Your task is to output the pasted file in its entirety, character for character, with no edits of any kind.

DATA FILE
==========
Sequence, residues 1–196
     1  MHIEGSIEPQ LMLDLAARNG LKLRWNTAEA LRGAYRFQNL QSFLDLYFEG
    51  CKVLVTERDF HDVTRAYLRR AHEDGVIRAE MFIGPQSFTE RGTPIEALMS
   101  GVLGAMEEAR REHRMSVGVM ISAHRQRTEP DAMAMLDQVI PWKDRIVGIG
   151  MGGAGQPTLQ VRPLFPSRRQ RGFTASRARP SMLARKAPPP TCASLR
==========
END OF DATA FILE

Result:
Sequence, residues 1–196
     1  MHIEGSIEPQ LMLDLAARNG LKLRWNTAEA LRGAYRFQNL QSFLDLYFEG
    51  CKVLVTERDF HDVTRAYLRR AHEDGVIRAE MFIGPQSFTE RGTPIEALMS
   101  GVLGAMEEAR REHRMSVGVM ISAHRQRTEP DAMAMLDQVI PWKDRIVGIG
   151  MGGAGQPTLQ VRPLFPSRRQ RGFTASRARP SMLARKAPPP TCASLR